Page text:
SINGAPORE – Organisations across all sectors will have to put in extra effort to keep central services and businesses going as leave of absence and five-day medical leave may affect manpower, said Senior Minister of State for Transport Janil Puthucheary on Saturday (Feb 15).

He added that corporations here have started to think through the impact of the coronavirus outbreak on their business continuity plans, which may include arrangements for employees to telecommute, work at split sites or in shifts.

Said Mr Janil: “This is not something that we can do without pulling together and putting in that extra effort.

“We have to understand that we do this to keep ourselves going and we are looking to make sure that we hold our society together.”

Mr Janil was speaking to reporters at Bedok MRT station, where he observed public transport operators stepping up the cleaning of buses, trains and stations.

He noted that there has been no change in the quality of service provided by the train and bus operators despite the need to deploy more people for the increased cleaning required.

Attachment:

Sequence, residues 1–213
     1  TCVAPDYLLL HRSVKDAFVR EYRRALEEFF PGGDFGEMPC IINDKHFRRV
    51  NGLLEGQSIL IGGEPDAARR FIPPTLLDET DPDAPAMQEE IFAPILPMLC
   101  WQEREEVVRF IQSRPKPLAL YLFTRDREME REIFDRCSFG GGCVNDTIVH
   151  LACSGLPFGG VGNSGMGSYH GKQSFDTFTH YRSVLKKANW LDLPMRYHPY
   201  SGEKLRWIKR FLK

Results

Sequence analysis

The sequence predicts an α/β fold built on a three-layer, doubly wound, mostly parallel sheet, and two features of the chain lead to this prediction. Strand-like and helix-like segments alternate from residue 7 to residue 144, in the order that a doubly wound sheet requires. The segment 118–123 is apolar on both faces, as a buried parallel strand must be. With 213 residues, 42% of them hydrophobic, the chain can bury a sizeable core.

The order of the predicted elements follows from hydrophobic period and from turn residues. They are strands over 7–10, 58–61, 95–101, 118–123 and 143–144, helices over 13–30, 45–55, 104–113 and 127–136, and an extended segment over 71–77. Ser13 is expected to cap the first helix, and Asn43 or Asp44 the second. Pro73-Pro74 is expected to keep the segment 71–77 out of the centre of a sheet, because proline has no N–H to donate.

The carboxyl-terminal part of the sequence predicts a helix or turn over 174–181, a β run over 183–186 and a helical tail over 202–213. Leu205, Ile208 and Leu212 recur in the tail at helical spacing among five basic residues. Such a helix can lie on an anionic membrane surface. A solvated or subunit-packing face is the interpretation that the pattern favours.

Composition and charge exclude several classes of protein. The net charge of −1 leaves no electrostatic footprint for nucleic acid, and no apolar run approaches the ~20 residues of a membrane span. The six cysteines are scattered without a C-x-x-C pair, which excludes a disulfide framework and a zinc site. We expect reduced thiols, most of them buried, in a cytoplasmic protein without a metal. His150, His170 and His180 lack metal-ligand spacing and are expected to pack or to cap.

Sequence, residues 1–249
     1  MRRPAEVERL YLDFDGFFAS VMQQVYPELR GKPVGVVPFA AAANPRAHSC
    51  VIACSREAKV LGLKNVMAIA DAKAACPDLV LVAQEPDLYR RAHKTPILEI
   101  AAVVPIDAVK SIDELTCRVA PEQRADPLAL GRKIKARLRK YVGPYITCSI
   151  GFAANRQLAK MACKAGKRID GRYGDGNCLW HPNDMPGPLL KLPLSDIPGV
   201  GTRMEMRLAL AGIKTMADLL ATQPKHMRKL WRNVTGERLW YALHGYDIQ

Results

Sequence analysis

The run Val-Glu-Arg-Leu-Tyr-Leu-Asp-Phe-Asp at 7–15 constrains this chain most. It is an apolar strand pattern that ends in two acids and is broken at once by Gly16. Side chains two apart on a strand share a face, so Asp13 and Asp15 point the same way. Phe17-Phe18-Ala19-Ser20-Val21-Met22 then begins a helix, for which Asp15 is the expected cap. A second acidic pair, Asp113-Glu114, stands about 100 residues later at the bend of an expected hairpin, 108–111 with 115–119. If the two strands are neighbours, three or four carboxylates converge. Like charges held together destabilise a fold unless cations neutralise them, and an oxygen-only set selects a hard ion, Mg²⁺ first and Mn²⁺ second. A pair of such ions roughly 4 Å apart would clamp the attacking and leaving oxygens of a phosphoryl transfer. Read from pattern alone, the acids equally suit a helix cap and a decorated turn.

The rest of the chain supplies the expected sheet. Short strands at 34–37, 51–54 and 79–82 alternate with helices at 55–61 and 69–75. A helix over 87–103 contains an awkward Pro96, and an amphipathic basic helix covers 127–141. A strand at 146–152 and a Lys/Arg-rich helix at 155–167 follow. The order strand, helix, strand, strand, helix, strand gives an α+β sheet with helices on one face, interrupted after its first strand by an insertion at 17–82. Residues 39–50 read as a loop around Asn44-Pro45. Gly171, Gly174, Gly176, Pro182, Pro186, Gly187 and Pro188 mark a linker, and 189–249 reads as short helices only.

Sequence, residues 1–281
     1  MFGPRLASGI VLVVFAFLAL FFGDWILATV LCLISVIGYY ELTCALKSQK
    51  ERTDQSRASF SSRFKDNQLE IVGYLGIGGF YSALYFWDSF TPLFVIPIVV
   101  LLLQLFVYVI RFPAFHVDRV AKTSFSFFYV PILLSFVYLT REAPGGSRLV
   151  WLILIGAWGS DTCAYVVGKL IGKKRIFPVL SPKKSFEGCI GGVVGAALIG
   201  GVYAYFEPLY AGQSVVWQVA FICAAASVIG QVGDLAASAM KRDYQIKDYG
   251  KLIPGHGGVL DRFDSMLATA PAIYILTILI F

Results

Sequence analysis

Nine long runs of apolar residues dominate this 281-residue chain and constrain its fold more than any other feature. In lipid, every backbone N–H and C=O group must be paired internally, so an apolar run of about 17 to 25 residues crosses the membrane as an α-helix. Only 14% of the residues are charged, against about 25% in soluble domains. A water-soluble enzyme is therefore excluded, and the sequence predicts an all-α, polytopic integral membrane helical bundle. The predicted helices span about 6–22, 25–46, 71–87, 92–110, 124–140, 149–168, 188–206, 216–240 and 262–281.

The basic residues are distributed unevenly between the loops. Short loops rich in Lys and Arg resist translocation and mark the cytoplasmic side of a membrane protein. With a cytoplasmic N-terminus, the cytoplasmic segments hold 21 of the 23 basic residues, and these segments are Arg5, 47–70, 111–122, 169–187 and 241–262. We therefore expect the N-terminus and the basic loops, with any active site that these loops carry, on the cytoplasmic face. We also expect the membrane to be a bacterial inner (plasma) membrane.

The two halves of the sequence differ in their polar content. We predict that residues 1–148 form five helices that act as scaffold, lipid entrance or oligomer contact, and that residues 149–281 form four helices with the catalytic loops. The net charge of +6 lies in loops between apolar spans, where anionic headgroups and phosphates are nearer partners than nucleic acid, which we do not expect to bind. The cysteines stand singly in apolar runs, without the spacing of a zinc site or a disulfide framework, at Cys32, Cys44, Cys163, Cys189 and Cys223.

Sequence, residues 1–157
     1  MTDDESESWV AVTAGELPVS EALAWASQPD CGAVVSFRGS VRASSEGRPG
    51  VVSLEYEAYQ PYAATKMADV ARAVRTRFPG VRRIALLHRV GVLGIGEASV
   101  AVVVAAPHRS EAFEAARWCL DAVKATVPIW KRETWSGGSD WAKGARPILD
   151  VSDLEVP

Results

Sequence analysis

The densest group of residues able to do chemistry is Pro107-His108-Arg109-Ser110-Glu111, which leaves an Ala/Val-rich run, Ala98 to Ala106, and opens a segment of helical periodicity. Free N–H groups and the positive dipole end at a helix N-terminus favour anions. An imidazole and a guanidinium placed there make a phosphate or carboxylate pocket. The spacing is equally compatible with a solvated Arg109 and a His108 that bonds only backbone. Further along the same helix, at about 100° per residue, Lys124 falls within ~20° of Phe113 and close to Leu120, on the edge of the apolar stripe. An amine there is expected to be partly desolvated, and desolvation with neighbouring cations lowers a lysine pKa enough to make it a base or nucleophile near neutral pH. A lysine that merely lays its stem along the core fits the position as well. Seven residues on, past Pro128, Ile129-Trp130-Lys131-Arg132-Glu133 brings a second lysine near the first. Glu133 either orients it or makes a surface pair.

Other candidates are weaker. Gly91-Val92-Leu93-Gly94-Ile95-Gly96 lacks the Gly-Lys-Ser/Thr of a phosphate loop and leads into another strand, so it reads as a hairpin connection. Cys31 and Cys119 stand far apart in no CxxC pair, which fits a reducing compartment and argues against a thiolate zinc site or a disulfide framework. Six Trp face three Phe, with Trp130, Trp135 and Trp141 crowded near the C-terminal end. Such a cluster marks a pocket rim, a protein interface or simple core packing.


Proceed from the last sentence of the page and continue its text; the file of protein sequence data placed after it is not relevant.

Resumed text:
On Friday (Feb 14), the Ministry of Health advised doctors to give five days of sick leave to patients with respiratory symptoms, such as fever, cough, sore throat and runny nose, to try to prevent further community spread of the coronavirus.

When asked the reason for five days of medical leave, Mr Janil said it appears that most other illnesses that are not Covid-19, such as Influenza A, would have resolved on their own after five days.

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“But if you’re still unwell (after five days), whether you have Covid-19 or not, you should go and see your doctor. Because you now have a fever that’s slightly prolonged and you need a repeat medical assessment,” said Mr Janil.

A spokesman for the Ministry of Transport said that as of Monday (Feb 10), there were 37 public transport workers on leave of absence, 26 of whom are bus captains.

When asked whether five days of medical leave might affect children’s ability to catch up on their school work, Mr Janil said a possible solution would be online student-learning spaces where the children can collaborate with classmates who are either in school or at home.

“In the last few years, we’ve put in quite a lot of effort to enable distance learning and online learning. This is not necessarily the be-all-and-end-all of education. But it allows a different model of operations, especially in difficult times like these,” he said.

He added that solutions like these are needed to allow public healthcare intervention – such as the five-day medical leave – to happen alongside Singapore’s aspiration to “keep everything going as usual”.



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